Wintergirls by Laurie Halse Anderson
Published by Viking in 2009
Book 8 in my January Kindle Challenge
Cassie and Lia are best friends, and united in their quest to be thin. But when Cassie is found dead in a motel room, Lia must question whether she continues to lose weight, or choose life instead.
This book is sad, frustrating and depressing. And I absolutely loved it. Our narrator, Lia, has suffered for years from anorexia, and the recent death of her former best friend sends her spiralling again. Told entirely from her point of view, we get a sometimes horrific insight into the mind of someone who is caught in a cycle of self-destruction.
Lia is such a frustrating character at times – you just want to shake her! But at the same time I found myself feeling sorry for her throughout and was so desperate for her to get better.
The characters around Lia give this story real depth. Her parents, now divorced, are both flawed despite their obvious love for Lia, and her stepmother tries her best but is clearly out of her depth. You can see that her parents have unwittingly contributed towards Lia’s illness – but this is well-handled and not laid on too thick. You don’t find yourself hating the parents as you may have expected to – they are imperfect but human too.
Lia also has a really lovely relationship with her young stepsister Emma. This shows another side to Lia’s character which I think was really important in the context of everything else that was happening in the novel. Elijah, who works at the motel where Lia’s best friend Cassie died, is also an interesting character and I was relieved this didn’t turn into the typical romance that I did at first expect when his character was introduced.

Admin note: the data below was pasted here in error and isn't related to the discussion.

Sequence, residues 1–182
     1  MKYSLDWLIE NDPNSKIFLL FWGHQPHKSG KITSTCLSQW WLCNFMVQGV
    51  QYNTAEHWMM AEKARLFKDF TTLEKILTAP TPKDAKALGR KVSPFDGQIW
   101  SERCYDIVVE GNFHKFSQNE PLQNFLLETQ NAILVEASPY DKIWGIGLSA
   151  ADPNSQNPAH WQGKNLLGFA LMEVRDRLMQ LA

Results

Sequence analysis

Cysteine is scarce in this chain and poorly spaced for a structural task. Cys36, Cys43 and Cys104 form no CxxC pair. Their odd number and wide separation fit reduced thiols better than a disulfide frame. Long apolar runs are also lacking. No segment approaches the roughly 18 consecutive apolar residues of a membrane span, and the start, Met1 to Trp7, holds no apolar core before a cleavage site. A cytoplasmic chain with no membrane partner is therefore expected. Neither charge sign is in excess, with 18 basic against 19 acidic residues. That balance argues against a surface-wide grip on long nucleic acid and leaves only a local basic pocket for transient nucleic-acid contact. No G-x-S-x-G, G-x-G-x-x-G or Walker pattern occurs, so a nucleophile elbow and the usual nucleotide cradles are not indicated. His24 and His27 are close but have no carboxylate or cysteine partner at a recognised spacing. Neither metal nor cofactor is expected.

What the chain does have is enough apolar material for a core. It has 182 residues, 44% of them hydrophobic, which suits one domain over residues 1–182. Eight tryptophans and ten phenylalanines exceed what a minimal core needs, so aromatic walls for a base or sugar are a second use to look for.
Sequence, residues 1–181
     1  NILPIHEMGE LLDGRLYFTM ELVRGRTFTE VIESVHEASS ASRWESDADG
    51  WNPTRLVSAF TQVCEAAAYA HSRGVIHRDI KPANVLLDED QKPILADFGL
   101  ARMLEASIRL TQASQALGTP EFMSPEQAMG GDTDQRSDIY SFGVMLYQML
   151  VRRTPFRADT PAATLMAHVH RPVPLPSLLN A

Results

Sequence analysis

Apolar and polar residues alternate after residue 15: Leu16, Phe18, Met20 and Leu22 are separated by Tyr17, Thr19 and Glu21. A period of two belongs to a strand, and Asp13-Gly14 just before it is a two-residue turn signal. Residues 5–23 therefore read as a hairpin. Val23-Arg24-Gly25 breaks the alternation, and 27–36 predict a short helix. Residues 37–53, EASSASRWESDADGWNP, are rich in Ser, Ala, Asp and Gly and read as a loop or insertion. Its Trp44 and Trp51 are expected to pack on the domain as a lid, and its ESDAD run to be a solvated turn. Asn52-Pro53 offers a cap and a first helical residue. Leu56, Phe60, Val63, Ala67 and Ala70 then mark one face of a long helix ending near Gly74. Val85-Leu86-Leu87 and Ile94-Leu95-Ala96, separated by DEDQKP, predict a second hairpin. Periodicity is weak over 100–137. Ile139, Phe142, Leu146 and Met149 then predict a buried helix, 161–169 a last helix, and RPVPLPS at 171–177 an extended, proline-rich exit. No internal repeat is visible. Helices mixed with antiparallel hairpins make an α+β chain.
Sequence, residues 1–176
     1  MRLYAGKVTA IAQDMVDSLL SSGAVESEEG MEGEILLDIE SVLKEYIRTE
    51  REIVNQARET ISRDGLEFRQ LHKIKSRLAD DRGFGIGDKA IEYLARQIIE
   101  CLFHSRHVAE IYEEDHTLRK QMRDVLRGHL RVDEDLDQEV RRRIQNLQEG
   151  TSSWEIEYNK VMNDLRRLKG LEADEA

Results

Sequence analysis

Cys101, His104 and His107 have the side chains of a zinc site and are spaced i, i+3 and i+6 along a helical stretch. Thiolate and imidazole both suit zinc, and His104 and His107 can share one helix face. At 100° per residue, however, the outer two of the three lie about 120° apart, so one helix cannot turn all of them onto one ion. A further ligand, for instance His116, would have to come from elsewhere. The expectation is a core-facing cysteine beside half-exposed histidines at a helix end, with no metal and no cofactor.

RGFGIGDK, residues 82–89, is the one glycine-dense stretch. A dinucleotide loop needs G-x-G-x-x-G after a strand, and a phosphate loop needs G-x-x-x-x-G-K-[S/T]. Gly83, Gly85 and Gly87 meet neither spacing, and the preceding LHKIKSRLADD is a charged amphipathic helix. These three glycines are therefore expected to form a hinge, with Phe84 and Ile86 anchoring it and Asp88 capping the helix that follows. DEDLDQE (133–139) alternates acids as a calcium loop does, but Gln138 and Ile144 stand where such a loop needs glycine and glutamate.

This is a young adult novel and although, yes, I can see this is a good, thought-provoking read for teens, I never at any point felt conscious that I was reading YA. The book is never patronising, and it also never holds back from the realities of Lia’s illness.
Overall I thought this was a brilliant book. It tackles harsh issues in a believable way and Lia was a great character – flawed, desperate, sad and yet very real at the same time. I will definitely be reading more by this author.